CLEMSON — Mike Reed drops everything — coaching, lunch, family obligations, etc. — at the buzz of a palm-sized box.
Bzzzzzzz. Bzzzzzzzzz. Reed presses a button to stall the vibration, raises his iPhone to his ear and spends all of a few seconds indulging a potential future client.
“Yeah, hold on, man. I’ll hit you back in 20 minutes,” Reed says, listening for a couple beats before thanking the mystery man on the other end.
Clemson’s defensive backs coach taps the screen, sets down the phone and shakes his head.
It’s July 15. “Recruits, man. It seriously is non-stop.”
So goes the life of a college football assistant coach, a job short on time off and sanity, and made more difficult with advances in phone technology and social media applications.
“My phone (recently) was broke for four days,” Reed said, “and those were the greatest four days ever.”
Do college coaches have it tougher than NFL assistants?
Kirby Smart evidently thinks so. The architect of Alabama’s perennially powerful defense and Nick Saban’s right-hand went on an Atlanta radio show and decried the changing times.
“The smartphones are the death of college coaches,” Smart said July 2, according to FootballScoop.com. “Every college coach I talk to won’t say it on record but everyone’s thinking, ‘Should I go to the (National Football) league?’ Because you don’t have the same requirements; the hours are different. Recruiting is non-stop.”
The contrast makes for quite a debate: College assistant coaches must deal with recruiting and teen whims; NFL assistants coach grown-ups — and strong wills that come with agents — while working almost round-the-clock during a longer season.
The notion NFL coaches don’t work as hard as college coaches isn’t unanimous, even among college coaches. New South Carolina defensive coordinator Jon Hoke, who spent the past 13 years with the Texans and Bears, doesn’t see much difference in his approach months after joining the Gamecocks.
“I’ve taught (Bears cornerback) Charles Tillman the same way I would teach (USC cornerback) Chris Lammons,” Hoke said. “I coached Lito Sheppard at Florida the same way I coached Aaron Glenn with the Houston Texans.”
Hoke’s not the only coach who’s gone back to school. Co-defensive coordinator Lorenzo Ward (Raiders) and wide receivers coach Steve Spurrier Jr. (Redskins, under his father) have previously coached in the pros before landing at South Carolina.
Meanwhile, Marion Hobby left Clemson after one year coaching defensive linemen to take the same job with the New Orleans Saints. But then he went to Duke in 2008, and in 2011 returned to Clemson, which has bagged five straight top-15 Rivals.com recruiting classes (and the No. 4 bunch last February.)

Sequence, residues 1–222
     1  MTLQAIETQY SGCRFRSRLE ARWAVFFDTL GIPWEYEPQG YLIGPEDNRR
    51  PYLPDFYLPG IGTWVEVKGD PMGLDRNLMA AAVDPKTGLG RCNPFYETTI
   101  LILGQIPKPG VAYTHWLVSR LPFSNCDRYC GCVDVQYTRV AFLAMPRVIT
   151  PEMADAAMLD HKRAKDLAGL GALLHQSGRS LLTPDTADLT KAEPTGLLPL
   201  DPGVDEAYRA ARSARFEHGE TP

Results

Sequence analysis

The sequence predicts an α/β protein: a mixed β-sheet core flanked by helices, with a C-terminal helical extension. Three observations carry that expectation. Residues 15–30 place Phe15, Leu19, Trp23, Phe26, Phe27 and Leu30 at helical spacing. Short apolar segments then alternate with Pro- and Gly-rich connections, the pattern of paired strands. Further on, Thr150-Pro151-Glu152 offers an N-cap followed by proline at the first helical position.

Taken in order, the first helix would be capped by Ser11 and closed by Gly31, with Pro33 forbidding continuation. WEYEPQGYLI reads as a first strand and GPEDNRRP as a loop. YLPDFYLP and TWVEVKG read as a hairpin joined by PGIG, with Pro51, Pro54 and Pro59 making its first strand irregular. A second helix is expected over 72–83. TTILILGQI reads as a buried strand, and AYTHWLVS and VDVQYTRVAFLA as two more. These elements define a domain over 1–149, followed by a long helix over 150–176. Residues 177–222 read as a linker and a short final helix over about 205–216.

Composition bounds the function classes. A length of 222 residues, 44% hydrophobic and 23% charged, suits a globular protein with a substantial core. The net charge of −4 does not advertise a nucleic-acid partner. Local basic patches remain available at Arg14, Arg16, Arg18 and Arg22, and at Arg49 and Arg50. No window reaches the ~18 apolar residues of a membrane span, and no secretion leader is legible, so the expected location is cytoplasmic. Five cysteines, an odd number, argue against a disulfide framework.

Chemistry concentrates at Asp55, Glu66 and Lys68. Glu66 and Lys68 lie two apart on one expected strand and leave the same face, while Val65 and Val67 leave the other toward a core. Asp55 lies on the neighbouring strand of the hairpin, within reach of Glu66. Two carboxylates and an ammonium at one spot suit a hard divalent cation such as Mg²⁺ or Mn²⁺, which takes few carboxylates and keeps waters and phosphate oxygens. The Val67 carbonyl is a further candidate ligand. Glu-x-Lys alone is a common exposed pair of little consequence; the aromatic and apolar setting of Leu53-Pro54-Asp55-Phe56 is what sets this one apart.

“Boy, this phone, you can’t ever let it die,” Hobby said. “As coaches, it’s hard for us to put them down because there’s always some communication with the social media and the texts, keeping up with your rivals and where your top prospects are visiting.”
The problem is, recruits have an appreciable amount of leverage over their suitors. Without great players, coaches can’t win.
“Guys call you last-minute, saying ‘hey, coach, I’m passing through Clemson, can you show me the building?’ You’ve got to respond to that,” Hobby said. “It becomes a little trying at times.”
South Carolina recently added four “quality control” coaches. Schools are adding support staffers dedicated soley to recruiting, such as Clemson’s Thad Turnipseed, but all he can do is organize recruiting trips and other administrative duties. NCAA violations prohibit Turnipseed from reviewing game tape or contacting recruits.
Graduate assistants chip in as much as they can, though their time and impact are also limited.
“It’s gotten crazy. Because if you’re not in contact with these kids, they say you don’t love them,” Reed said. “I don’t equate tweeting and texting and stuff like that to love. But that’s what we’re dealing with now.”
Now comes the real tough question: what happens if Johnny Five-Star calls during a family dinner or deep conversation with the wife?
“You hide the phone,” Hobby said with a laugh, while slyly tucking his phone under the table for emphasis. “You keep it real low and don’t let your wife know you’re looking at it, especially when she’s trying to talk to you.”
Scott had a similarly humorous answer: “Depends on who it is.” He recalls a recent evening with his wife when he chose his phone over supper.
“I came back and said, ‘I apologize, but that recruit’s going to help pay for a lot of these meals someday.’ ”
Reed, the father to two young children, struck a deal with his wife: for one hour each night, the phone takes over and he attends to recruiting matters. After that, he’s done.
“I found out that you’ve basically got to budget your time,” Reed said. “I refuse to let (my phone) control me.”
There are varying attitudes. Defensive coordinator Brent Venables, who has four kids, takes no issue with the endless hours spent building relationships with potential future Clemson football players. He didn’t particularly agree with Smart’s stance on the radio.
“I love what I do,” Venables said. “I know that people make a big difference in my success, so that’s a willingness to continue to fight for. I personally can sustain that fight. It’s a challenge, but it’s not a problem for me.”